We ran subjects in chunks and checked the effect along the way. It was something like 25 subjects run, then 10, then 7, then 5. Back then this did not seem like p-hacking. It seemed like saving money.
Some subjects were excluded on bases such as “didn’t follow directions.” The total number of exclusions was 5.
Subjects with outliers were held out of the hormone analyses but not all analyses.
Many different power questions were asked and those chosen were the ones that “worked.”

The p-hacks may well explain why the initial results were statistically significant but did not replicate.

If the sample size is fixed ahead of time, the probability of a false-positive is 5 percent, no matter what the sample size. If, however, the sample is increased after the results turn out not to be statistically significant, this increases the probability of a false-positive. Here, the original study started with 25 subjects, then added 10 more, then 7, then 5. To calculate the true chances of a false-positive, we need to make an assumption about what the researchers would have done if 47 subjects had not been sufficient. The figure shows the false-positive probabilities if they had continued adding batches of 5 subjects for maximum sample sizes up to 102.

A flexible sample size is not the only trick for achieving statistical significance. Data sometimes contain outliers that are very different from the rest of the data. For example, a study of middle-class lifestyles might include a billionaire who lives, well, very differently. If the researcher is truly focused on the middle class, the billionaire can be rightfully removed from the sample. There is no mathematical rule for identifying data as outliers, so it is ultimately a subjective decision to be made by researchers — which provides welcome flexibility for those seeking p-values below 0.05.

The figure shows how the false-positive probability is affected by discarding an outlier in order to reduce the p-value. With a 102-subject stopping point, the flexible sample size pushes the probability of a false-positive from 5 percent to 17 percent. Discarding one outlier as needed further pushes the false-positive probability to 37 percent. A willingness to discard more than one outlier would increase the probability of a false-positive even more.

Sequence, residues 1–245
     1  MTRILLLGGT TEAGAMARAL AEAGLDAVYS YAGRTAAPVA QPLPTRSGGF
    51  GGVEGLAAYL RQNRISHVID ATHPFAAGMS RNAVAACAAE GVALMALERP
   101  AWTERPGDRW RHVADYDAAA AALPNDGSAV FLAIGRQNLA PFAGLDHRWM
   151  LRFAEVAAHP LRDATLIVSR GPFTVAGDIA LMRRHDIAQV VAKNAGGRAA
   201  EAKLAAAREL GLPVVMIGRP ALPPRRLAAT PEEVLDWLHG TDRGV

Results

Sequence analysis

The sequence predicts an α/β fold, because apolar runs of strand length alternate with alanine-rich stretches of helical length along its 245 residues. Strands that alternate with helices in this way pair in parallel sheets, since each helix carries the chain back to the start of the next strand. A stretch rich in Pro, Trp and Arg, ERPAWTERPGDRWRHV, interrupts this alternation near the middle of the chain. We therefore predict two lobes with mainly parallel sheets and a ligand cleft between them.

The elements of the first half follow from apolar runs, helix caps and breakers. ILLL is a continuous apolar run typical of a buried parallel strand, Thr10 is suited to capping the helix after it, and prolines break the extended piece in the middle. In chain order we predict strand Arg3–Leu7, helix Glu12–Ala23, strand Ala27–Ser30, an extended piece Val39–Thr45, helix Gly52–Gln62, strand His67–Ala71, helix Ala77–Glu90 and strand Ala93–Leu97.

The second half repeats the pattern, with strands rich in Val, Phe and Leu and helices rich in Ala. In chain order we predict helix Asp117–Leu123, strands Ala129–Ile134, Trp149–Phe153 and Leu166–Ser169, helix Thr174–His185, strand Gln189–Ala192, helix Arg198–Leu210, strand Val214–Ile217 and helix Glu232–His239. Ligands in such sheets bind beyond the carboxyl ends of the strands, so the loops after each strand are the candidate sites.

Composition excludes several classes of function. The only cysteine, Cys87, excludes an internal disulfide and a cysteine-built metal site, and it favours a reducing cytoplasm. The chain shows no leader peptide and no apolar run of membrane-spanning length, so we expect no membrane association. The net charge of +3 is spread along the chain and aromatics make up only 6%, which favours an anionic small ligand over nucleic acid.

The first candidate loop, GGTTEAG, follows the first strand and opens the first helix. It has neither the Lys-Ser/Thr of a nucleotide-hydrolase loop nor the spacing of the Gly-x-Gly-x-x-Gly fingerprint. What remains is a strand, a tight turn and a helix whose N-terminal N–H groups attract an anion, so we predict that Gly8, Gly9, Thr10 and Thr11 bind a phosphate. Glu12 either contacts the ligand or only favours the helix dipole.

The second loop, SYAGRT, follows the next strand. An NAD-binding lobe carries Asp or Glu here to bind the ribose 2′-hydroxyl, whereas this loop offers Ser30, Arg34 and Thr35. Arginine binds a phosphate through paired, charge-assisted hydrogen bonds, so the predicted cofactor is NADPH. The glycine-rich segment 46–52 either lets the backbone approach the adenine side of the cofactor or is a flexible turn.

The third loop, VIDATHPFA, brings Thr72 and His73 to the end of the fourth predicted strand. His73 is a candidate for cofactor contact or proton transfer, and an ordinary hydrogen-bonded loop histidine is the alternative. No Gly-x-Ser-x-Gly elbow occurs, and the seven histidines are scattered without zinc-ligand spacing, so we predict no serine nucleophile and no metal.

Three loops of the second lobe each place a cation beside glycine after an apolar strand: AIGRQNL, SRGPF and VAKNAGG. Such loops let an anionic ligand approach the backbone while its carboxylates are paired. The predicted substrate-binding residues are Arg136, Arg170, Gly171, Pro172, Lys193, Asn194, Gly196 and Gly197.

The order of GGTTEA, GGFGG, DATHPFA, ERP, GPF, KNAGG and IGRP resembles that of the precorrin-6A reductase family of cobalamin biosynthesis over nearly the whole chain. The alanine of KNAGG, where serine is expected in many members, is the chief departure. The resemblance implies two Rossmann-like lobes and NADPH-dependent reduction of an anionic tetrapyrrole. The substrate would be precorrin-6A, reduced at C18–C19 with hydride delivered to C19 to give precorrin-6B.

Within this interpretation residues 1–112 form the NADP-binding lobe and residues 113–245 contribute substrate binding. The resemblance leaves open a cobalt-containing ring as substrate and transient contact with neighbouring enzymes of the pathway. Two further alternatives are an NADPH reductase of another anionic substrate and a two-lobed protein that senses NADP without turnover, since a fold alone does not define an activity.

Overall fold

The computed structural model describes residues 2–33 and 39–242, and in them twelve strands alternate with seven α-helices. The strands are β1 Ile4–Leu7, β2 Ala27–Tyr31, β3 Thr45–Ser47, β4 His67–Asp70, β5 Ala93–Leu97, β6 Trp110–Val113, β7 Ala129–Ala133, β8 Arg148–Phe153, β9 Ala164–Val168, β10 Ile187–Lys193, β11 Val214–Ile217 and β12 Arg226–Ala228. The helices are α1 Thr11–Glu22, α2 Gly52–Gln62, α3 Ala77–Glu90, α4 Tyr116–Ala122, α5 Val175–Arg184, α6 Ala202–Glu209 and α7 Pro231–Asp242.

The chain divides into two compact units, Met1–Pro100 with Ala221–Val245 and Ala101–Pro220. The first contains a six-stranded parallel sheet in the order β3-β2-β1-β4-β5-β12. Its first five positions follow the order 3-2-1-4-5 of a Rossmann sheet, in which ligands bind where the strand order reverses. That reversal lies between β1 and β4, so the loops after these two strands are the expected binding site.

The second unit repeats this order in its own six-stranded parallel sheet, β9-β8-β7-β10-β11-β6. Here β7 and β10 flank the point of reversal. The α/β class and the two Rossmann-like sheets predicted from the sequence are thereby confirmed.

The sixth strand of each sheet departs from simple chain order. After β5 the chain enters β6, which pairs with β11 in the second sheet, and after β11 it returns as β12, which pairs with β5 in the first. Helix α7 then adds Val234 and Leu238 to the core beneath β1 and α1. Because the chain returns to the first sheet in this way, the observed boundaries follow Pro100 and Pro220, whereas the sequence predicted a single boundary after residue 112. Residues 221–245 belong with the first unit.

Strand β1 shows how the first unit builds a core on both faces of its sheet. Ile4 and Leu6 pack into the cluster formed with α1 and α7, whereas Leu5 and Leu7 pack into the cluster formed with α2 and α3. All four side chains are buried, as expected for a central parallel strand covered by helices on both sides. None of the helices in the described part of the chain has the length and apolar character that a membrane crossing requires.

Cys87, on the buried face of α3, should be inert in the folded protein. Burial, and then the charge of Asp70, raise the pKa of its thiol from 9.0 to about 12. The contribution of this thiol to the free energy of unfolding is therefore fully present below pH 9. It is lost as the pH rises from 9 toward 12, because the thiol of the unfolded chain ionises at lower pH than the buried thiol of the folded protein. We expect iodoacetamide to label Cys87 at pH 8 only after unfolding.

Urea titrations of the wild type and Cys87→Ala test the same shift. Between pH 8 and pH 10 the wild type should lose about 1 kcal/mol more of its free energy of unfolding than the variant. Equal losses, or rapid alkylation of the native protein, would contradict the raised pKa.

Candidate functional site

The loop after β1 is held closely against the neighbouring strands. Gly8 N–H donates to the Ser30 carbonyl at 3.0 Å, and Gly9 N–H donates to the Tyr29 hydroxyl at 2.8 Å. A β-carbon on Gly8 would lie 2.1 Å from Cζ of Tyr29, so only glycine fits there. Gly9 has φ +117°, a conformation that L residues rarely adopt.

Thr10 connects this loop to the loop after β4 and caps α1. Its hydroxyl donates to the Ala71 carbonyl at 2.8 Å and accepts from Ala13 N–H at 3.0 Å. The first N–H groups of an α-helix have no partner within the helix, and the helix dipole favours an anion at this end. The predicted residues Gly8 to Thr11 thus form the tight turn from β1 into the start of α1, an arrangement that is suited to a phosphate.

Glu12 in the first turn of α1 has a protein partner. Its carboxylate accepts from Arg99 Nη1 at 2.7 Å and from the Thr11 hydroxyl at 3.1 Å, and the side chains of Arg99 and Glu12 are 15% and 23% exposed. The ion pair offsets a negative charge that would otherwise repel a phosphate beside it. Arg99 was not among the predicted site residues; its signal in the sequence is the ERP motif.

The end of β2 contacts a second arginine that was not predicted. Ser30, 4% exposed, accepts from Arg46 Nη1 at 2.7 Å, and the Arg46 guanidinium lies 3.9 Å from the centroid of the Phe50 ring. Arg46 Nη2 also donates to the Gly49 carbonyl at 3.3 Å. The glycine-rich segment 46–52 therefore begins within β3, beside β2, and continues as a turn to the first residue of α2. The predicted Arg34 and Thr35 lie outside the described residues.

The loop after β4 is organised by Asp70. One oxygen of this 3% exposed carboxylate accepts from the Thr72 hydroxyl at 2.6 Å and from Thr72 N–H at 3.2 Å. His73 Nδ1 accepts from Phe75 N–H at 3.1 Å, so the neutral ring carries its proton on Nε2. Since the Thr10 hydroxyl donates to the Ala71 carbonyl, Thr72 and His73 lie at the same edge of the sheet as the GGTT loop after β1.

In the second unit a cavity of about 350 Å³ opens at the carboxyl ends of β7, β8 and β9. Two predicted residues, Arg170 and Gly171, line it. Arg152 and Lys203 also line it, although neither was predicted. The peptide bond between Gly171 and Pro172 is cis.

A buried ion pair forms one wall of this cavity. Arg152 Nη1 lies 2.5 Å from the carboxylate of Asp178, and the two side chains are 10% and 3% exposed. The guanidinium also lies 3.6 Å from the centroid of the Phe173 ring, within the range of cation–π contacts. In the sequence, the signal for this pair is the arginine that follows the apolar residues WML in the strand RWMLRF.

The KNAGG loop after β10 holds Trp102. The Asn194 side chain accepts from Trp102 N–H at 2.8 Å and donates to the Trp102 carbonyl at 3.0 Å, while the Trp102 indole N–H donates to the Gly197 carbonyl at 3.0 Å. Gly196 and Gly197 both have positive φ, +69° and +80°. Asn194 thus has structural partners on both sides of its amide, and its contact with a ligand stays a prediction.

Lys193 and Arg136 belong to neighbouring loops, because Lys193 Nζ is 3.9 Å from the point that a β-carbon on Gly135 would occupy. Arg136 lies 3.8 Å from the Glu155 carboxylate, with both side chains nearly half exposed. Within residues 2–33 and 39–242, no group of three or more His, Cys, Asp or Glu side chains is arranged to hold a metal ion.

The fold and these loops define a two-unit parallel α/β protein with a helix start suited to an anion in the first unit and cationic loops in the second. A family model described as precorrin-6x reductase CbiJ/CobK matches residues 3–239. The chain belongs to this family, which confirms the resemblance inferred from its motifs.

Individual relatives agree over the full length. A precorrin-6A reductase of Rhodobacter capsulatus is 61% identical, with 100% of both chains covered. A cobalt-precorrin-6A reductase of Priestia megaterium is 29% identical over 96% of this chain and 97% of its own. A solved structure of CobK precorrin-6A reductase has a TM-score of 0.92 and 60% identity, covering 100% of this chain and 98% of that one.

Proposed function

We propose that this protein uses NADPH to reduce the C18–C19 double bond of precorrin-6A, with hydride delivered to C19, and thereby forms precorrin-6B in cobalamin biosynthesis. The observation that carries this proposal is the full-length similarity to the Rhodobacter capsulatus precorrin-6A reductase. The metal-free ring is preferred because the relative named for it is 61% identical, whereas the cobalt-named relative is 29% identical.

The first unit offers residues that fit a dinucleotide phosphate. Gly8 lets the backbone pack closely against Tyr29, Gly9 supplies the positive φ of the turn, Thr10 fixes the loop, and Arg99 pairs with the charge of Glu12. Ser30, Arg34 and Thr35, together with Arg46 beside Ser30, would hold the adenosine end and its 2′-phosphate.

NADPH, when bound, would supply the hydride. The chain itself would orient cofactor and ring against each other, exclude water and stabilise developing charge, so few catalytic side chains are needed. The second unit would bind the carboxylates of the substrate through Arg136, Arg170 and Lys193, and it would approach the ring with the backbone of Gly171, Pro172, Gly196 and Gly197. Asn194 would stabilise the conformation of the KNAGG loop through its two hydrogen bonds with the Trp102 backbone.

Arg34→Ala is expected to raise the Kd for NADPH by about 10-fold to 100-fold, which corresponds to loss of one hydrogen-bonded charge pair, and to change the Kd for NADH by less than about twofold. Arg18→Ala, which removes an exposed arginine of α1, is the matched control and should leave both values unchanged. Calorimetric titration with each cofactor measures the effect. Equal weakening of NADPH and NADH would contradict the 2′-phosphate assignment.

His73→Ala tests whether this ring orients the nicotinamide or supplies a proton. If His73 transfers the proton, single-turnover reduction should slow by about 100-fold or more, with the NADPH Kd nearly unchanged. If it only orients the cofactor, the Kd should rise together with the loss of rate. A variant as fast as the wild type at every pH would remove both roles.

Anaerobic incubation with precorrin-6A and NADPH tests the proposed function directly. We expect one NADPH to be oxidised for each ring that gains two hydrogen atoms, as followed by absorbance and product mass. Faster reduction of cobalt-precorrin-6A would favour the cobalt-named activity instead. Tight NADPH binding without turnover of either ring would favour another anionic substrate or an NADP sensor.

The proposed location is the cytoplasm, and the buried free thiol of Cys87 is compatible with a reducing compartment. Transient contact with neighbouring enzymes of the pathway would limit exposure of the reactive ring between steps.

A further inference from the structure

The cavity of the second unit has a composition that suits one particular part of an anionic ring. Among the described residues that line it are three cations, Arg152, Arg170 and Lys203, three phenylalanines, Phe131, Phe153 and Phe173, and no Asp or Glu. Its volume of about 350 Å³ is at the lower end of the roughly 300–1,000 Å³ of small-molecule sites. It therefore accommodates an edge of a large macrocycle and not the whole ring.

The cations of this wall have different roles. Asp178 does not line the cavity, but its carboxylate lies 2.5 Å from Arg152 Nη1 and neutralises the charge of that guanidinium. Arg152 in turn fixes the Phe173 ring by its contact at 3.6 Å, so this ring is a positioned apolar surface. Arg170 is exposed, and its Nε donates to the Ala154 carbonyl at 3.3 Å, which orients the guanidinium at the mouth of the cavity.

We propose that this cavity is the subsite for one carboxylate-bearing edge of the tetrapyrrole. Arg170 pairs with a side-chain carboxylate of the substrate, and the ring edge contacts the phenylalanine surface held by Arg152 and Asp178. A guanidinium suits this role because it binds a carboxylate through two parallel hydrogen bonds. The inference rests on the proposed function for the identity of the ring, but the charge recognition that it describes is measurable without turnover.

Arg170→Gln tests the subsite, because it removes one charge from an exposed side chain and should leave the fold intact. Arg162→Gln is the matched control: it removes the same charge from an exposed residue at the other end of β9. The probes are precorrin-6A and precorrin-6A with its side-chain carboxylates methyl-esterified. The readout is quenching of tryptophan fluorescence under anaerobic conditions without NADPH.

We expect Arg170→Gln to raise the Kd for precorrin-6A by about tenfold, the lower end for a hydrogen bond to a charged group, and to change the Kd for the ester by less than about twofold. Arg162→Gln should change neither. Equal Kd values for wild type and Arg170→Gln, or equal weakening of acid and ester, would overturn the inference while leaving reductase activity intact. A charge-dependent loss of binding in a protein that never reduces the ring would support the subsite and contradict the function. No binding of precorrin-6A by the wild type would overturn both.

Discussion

I don’t know the extent to which the discarded observations in the original power-pose study reduced the p-values, but it is troubling that there were 47 subjects, not the 42 reported, with 5 people excluded for vague reasons like “didn’t follow directions” and that an additional observation was omitted from the hormone results, but not the other results.

In addition, the reporting of a subset of the power questions was almost surely a substantial p-hack. Altogether, the false-positive probability was most likely well over 50 percent.


Continued in Part II:

Fake It ’til You Make It – The Power Pose Parable Part II. Where does p-hacking and the replication crisis leave the state of scientific studies? A professor at the University of Toronto wrote that “the only way can really change is if we reckon with our past, coming clean that we erred; and erred badly.”


Gary N. Smith

Senior Fellow, Walter Bradley Center for Natural and Artificial Intelligence
Gary N. Smith is the Fletcher Jones Professor of Economics at Pomona College. His research on financial markets statistical reasoning, and artificial intelligence, often involves stock market anomalies, statistical fallacies, and the misuse of data have been widely cited. He is the author of The AI Delusion (Oxford, 2018) and co-author (with Jay Cordes) of The Phantom Pattern (Oxford, 2020) and The 9 Pitfalls of Data Science (Oxford 2019). Pitfalls won the Association of American Publishers 2020 Prose Award for “Popular Science & Popular Mathematics”.

Fake It ‘til You Make It — The Power Pose Parable